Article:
Every merit and, it must be admitted, every demerit of the age is observable in the life of the University during these hundred years. Certainly there was a prodigious decay in University ceremonial, and the antiquaries shook their heads not perhaps without reason. Poor Hearne, noting the first Shrove-Tuesday morning on which the ancient "Pancake bell" did not ring in Oxford, ventured upon the aphorism: "When laudable old customs alter, 'tis a sign learning dwindles". Baker, Cole, and Gunning at Cambridge were doomed to see many cherished quaintnesses pass from the daily life of the academy. The ceremonies attending the Creation of Doctors in the several Faculties were gradually shorn of their symbolic splendour. These had involved in each case the use of a Ring and a Book. A candidate for a Doctorate in Law might be seen at such times to engage in a whispered colloquy with the Professor of his Faculty. This, perhaps the most picturesque and most formal part of the ceremony of Creation, was known as "solving a question in the ear of the Professor". Good Master Gunning could not have failed to take pleasure in the circumstances which attended the University Sermon on Tuesday in Holy-week. On this day the sermon was preached, not in Great St. Mary's, but in the Anglo-Saxon Church of St. Benet. Before the sermon the preacher was directed to say: "John Meer, Esquire Bedell, long since of this University, gave a tenement situate in this parish; in consideration whereof the sermon is here this day. He left a small remembrance to the officers of this University provided they were present at the Commemoration; and was also not unmindful of the poor in the Tolbooth and Spittal-house." At the conclusion of the sermon a distribution was made of this "small remembrance". It worked out at three shillings and fourpence for the preacher, sixpence for the Vice-Chancellor, and fourpence each for the other dignitaries. A disbursement of three shillings covered the other part of this amiable bequest!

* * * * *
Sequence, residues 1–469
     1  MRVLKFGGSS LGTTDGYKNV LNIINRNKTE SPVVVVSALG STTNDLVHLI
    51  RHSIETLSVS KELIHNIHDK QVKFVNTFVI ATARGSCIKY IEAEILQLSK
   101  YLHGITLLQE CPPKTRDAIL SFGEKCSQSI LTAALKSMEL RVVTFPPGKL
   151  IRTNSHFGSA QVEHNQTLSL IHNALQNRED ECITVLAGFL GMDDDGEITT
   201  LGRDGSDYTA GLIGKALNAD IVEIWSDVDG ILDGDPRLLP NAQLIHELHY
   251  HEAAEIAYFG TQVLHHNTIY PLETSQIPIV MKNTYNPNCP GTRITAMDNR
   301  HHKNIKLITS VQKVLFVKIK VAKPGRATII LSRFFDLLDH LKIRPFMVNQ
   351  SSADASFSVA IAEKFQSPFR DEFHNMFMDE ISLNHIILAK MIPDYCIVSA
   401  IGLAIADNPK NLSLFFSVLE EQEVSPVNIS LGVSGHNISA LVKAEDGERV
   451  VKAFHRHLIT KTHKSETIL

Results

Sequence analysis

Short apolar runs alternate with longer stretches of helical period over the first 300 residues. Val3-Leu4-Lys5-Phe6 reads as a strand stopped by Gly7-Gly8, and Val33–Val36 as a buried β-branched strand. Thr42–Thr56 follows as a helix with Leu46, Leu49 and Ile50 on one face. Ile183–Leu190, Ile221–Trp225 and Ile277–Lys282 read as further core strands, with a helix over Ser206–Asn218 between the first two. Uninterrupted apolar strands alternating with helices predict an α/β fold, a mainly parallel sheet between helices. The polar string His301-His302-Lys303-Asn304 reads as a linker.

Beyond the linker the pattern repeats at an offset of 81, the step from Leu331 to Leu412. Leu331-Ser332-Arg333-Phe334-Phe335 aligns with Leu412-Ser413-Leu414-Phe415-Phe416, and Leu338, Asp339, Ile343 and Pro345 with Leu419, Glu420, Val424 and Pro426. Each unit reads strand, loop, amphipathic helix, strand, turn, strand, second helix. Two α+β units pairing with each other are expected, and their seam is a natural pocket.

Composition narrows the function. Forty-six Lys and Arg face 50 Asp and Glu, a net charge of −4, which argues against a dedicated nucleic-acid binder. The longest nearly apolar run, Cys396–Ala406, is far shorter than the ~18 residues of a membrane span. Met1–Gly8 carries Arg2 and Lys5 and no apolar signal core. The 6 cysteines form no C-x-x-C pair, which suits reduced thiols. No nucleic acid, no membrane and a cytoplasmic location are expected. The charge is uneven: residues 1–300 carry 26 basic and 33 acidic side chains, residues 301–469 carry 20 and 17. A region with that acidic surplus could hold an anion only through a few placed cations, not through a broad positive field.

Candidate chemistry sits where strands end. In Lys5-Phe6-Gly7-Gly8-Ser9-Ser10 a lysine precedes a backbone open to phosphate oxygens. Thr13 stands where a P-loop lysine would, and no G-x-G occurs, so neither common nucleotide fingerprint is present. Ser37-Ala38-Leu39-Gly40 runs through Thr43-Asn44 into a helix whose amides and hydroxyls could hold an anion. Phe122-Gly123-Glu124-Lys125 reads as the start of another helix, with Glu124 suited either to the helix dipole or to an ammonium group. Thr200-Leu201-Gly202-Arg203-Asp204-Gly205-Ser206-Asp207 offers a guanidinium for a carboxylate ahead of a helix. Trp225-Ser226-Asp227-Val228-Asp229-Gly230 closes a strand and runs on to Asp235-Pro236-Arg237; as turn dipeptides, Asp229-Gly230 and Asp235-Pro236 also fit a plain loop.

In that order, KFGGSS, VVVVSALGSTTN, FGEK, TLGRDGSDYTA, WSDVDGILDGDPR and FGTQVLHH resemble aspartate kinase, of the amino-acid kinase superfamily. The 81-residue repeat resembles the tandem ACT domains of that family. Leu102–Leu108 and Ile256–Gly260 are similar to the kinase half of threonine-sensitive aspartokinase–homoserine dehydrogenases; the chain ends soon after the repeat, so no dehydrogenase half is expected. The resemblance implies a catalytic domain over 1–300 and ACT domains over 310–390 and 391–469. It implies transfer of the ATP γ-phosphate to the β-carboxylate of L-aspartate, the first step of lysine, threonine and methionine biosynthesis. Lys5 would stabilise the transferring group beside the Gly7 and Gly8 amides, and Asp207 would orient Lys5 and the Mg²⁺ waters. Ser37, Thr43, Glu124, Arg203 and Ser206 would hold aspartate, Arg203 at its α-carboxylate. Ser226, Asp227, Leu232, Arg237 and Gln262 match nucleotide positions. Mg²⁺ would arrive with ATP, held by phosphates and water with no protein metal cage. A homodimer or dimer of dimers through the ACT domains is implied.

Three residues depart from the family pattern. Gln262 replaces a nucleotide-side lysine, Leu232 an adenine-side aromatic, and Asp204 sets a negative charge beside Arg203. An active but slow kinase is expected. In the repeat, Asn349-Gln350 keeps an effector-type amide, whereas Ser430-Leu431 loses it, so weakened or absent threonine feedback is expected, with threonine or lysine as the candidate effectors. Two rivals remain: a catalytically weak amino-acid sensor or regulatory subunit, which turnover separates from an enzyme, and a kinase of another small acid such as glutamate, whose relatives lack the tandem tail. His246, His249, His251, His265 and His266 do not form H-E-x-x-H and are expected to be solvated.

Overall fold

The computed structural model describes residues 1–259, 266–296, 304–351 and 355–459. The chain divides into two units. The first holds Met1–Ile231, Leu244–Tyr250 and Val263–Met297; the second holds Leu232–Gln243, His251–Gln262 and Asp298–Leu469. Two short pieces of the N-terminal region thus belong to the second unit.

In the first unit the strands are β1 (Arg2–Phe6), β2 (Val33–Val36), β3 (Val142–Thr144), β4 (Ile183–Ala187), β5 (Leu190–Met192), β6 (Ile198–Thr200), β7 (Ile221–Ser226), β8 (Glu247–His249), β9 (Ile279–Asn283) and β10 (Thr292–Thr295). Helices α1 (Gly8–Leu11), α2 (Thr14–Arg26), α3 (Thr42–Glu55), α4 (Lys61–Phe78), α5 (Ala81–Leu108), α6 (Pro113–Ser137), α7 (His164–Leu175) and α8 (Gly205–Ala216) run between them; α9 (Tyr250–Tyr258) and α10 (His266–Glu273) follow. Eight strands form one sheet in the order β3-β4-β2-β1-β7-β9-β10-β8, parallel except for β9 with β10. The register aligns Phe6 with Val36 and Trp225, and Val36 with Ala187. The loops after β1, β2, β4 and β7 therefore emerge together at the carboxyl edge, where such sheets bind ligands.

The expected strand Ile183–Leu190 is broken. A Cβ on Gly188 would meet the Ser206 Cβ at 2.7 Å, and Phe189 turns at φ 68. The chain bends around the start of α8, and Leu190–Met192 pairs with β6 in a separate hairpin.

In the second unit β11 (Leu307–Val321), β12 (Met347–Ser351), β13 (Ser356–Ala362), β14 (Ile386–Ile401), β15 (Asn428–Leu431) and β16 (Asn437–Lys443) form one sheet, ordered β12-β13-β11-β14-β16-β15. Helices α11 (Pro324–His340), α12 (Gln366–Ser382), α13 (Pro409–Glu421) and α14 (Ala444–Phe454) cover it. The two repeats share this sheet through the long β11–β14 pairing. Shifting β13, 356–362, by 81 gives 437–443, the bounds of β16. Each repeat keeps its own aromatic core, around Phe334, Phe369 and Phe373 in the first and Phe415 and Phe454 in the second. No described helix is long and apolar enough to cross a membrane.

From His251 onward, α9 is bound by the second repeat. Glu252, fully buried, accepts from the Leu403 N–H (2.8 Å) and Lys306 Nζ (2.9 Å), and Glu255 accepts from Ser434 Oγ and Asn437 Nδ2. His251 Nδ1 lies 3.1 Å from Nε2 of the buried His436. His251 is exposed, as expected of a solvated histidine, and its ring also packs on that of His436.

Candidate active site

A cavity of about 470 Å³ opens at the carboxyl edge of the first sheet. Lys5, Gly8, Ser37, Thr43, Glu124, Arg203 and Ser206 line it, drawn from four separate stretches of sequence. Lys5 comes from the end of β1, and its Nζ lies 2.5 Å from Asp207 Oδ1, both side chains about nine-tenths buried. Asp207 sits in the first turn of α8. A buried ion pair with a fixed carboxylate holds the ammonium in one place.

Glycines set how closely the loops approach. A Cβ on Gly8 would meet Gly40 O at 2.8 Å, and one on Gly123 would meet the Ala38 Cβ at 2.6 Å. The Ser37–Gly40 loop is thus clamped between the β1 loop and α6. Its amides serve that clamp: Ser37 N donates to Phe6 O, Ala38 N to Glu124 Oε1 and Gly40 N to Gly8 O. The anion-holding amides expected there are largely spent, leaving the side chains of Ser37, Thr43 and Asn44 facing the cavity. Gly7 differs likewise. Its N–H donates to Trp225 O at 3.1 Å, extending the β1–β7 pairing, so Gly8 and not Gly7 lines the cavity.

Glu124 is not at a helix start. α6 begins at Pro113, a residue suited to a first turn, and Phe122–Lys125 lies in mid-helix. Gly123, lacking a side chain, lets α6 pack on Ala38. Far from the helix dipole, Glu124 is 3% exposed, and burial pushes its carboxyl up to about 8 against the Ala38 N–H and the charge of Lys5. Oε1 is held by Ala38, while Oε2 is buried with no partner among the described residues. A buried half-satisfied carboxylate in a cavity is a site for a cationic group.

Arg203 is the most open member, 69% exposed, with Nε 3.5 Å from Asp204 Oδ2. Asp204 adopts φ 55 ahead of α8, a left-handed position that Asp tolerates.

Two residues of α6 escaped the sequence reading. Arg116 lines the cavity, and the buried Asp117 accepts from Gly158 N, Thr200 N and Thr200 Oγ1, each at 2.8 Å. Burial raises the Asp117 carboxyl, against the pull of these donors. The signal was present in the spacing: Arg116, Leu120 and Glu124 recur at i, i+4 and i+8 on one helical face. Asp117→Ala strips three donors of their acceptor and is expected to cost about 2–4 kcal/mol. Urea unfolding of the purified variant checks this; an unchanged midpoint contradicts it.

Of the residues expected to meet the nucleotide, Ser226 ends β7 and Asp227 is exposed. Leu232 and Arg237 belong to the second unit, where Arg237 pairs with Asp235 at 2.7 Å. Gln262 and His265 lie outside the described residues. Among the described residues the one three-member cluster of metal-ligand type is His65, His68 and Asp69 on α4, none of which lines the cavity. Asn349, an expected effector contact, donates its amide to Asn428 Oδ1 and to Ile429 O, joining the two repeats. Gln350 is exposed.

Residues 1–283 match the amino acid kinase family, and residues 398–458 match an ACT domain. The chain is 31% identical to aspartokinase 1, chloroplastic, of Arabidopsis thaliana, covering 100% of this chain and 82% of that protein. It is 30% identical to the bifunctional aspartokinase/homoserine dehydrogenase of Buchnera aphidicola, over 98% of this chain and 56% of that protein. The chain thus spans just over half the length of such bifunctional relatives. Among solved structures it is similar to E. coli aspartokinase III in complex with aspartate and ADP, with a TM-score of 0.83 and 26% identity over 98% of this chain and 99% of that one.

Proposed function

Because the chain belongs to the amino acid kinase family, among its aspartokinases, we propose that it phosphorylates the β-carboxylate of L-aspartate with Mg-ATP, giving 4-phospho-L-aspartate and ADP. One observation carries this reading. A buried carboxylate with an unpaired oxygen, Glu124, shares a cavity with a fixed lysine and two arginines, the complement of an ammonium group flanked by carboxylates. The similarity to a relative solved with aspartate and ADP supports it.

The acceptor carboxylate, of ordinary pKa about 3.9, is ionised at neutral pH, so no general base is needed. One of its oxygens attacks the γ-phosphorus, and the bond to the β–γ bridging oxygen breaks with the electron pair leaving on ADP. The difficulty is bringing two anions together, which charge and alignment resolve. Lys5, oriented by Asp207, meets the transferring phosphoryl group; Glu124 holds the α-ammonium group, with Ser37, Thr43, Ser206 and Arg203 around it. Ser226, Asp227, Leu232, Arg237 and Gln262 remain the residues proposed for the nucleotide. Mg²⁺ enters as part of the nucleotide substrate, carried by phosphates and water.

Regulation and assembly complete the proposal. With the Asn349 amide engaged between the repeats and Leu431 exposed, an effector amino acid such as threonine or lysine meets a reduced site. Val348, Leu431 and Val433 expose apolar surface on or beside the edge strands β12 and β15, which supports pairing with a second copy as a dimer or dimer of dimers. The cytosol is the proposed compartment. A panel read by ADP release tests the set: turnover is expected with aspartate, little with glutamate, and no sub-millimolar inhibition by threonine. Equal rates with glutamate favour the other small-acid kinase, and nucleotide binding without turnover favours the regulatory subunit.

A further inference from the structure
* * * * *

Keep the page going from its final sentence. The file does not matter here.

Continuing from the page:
During the whole of this period the University exercised its ancient right of supervising all weights and measures. Officers known as Taxors performed the necessary testing, and at such times were authorized to destroy any faulty measures which came under their observation. There existed, too, for the punishment of disorderly women, a University prison or bridewell called "the Spinning House", and one of the duties of the Proctors consisted in the visitation and inspection of any quarter of the town or its immediate environs in which vice was reputed to lurk. The Spinning House existed, as a building, within the recollection of the writer. It stood on ground now occupied by the Fire Station in Regent Street. These particular jurisdictions and the fact that the Vice-Chancellor took precedence of the Mayor at all public functions constituted the chief ground for that ill feeling between Town and Gown which was a notorious feature of Cambridge life even as late as 1850. The eighteenth century in Cambridge actually opened with a singularly unseemly fracas between the Municipal and University authorities. The Mayor himself and two of the Aldermen were implicated. The circumstances may be gathered from the "humble submission" of the former, dated October 2, 1705, in which he pleads guilty to having "denied unto Sir John Ellys, the Vice-Chancellor, the precedence in the joynt seat at the upper end of the guildhall ... which refusal was the occasion of a great deal of contempt and indignity offered by some rude persons to the said Vice-Chancellor and his attendants". The "submission" of Mr. Francis Perry and his colleague followed in due course. These gentlemen owned to having opposed the Vice-Chancellor, "whereby divers unworthy affronts and indignities were occasioned the said Vice-Chancellor". Their submission did not come for the asking. Till they were made, however, the University authorities had "discommuned" half the townsfolk: which meant that an undergraduate who dared to deal with the burgesses might be sent down, whilst a graduate, for the same conduct, might be deprived of his degrees. This jurisdiction is still retained.